When recession risk is high, what signals do you expect from the markets? The empirical record and a deep library of research tell us to look for the following: a stock market that's posting negative year-over-year returns; a credit spread that's rising vs. year-earlier levels; a Treasury yield spread that's currently negative; and annual increases in oil prices. If all four danger signals were present, our cyclical goose would probably be cooked. But that's not the case at all. In fact, none of those warning conditions currently exist.
Do those four empirical facts guarantee that recession risk is low? No, but this market profile overall provides a strong clue for thinking that the economy, as we speak, isn't currently contracting. I'm the first to admit that you shouldn't look to market indicators alone for modeling the business cycle, which is why I routinely crunch numbers on a broad array of economic and financial data. (I'll have an update on the big-picture macro profile next week.) But we can and should start by looking at financial indicators.
[Related -Upbeat Forecasts For US Housing Sales In March]
Financial data, after all, is timely, offering a real-time profile of current conditions in terms of how the crowd is pricing risk. Even better, market prices are never revised. Conventional economic numbers, by contrast, arrive with a lag and are usually updated after the fact. We still must review economic reports, of course, but the information in macro data is worth a lot more when considered in context with market numbers.
[Related -Happy Birthday, Moore's Law - Pearls of Wisdom for Investors]
On that note, let's consider the stock market (S&P 500), which is arguably the first choice for analyzing the market's perception of macro risk. History suggests that when the threat of recession is high, the equity market will price this hazard by posting negative returns on a year-over-year basis. Yes, it could be different this time, but saying so is just a guess, and one that has minimal support in the historical record. Meantime, let's recognize that six of the last seven recessions have been accompanied by negative returns, either in advance of a new recession's start date, or just after the downturn commenced. An accident of history? Perhaps, but you'll need a convincing model to explain why--models, to put it mildly, that are in short supply.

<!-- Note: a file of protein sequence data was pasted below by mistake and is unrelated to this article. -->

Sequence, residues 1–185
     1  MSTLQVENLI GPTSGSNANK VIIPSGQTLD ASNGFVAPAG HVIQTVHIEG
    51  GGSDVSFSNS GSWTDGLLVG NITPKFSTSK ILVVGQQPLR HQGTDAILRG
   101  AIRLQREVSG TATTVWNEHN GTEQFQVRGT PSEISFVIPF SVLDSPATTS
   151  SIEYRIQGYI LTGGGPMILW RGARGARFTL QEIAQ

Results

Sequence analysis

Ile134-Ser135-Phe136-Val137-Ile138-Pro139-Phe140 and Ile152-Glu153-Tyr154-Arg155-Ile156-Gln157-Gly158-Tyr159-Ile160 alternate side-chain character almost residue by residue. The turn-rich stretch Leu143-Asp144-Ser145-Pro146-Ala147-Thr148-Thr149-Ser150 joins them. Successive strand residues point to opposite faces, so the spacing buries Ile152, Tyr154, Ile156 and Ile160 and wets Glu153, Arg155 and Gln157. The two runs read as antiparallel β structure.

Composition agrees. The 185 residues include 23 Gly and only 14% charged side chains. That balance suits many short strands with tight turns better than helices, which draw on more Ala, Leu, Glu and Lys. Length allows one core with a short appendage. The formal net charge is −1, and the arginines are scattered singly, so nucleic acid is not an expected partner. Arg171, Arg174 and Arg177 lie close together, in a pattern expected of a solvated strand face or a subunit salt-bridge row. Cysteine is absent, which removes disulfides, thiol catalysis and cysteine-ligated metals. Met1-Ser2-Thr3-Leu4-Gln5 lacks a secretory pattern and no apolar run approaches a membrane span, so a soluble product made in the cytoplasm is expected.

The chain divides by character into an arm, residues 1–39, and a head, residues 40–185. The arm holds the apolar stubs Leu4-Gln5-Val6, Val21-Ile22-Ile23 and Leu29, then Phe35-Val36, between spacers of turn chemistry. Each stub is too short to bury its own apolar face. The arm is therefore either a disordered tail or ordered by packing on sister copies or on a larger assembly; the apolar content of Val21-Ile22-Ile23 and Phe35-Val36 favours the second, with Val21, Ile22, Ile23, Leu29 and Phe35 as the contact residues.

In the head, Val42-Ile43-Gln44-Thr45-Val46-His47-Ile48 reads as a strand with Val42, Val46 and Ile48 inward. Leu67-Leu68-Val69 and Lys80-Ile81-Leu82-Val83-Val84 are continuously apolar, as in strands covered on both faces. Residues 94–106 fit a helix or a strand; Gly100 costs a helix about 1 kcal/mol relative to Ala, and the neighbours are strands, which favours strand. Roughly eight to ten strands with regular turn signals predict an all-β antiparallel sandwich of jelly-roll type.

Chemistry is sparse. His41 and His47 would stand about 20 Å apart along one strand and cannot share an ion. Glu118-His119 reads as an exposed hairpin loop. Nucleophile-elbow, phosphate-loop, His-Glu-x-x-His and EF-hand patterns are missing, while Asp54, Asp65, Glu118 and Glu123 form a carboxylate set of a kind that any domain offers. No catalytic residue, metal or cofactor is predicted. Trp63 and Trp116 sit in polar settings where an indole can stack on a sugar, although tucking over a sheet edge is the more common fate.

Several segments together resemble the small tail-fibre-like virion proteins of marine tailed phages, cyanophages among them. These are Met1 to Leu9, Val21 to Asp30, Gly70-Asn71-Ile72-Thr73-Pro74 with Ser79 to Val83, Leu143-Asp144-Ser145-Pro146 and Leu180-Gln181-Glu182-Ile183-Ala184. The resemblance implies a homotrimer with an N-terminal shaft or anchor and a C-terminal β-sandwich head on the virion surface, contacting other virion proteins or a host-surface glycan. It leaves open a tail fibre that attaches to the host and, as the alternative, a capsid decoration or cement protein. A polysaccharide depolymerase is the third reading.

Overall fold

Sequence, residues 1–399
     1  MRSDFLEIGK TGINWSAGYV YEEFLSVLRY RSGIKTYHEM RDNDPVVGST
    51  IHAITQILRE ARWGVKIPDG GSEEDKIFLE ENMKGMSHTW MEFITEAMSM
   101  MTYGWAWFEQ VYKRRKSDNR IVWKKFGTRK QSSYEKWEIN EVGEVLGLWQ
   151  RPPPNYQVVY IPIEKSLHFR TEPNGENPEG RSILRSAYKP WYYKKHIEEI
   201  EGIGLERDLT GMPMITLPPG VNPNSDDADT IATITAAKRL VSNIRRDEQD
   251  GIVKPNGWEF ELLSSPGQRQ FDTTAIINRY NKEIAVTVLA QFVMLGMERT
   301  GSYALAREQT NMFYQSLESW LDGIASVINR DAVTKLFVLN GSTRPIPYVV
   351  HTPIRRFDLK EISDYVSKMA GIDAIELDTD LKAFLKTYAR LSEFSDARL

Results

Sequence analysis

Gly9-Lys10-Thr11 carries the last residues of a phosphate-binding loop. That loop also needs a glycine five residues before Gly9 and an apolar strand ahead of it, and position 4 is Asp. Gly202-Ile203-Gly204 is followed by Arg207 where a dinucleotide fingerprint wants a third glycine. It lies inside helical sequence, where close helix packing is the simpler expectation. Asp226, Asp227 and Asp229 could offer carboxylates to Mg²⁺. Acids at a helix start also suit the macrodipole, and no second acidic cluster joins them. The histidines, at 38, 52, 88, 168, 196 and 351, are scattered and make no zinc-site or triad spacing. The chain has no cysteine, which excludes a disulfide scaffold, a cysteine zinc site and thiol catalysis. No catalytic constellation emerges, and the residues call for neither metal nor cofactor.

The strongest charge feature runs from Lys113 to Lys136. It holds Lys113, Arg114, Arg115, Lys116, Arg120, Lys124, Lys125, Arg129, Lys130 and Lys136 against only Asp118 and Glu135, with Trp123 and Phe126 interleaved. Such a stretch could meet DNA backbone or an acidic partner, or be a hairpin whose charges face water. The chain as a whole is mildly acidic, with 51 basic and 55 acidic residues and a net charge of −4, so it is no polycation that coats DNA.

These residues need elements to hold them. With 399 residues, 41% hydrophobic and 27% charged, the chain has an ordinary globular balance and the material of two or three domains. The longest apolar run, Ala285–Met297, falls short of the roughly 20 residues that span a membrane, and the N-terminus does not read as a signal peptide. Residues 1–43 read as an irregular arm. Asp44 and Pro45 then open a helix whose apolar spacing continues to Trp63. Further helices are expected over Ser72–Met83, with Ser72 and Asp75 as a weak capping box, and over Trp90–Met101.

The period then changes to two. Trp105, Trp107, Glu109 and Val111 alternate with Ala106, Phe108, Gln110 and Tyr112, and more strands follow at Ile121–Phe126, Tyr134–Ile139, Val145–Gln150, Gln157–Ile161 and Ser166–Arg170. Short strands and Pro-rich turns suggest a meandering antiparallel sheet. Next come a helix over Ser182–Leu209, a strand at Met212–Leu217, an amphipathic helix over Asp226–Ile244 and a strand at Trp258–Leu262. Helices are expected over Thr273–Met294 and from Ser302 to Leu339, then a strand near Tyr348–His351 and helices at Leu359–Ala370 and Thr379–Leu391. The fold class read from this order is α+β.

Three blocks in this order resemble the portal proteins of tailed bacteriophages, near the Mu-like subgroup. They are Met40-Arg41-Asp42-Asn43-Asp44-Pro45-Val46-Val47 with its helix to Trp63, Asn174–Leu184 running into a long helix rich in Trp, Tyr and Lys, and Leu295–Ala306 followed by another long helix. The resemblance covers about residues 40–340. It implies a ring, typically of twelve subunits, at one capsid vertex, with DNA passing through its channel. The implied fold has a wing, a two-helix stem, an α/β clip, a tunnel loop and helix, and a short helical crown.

On a more practical note, it's true that the stock market has been known to fall on an annual basis without the onset of recession. That tells us to interpret negative annual comparisons cautiously in real time. These days, however, that's not an issue. The stock market's ahead vs. a year ago by a comfortable margin—roughly 10%. That's a fairly strong signal for rejecting the claim that the economy is currently in recession.
The credit yield spread, the Treasury yield curve, and oil prices offer corroborating evidence. In all cases, these markets don't appear to be pricing in the threat of a new recession. Yes, it's possible that all four market indicators are wrong this time. Heck, you can never say never in macro. But if we're trying to come up with a rough estimate of business cycle conditions in the here and now, these four metrics suggest that the odds are fairly low for arguing that the economy is in a recession today.
Our confidence is a bit higher once we look at a broad range of economic metrics in context with the market numbers. The big picture, in other words, continues to favor the case for growth. Modest growth, but growth nonetheless.
It could all change tomorrow, of course. But we don't have tomorrow's numbers yet. But pessimists aren't out of choices. They can still predict trouble next week, next month, next year. Before we do anything, however, let's start by recognizing what the published data tells us today vs. what forecasters think will happen tomorrow.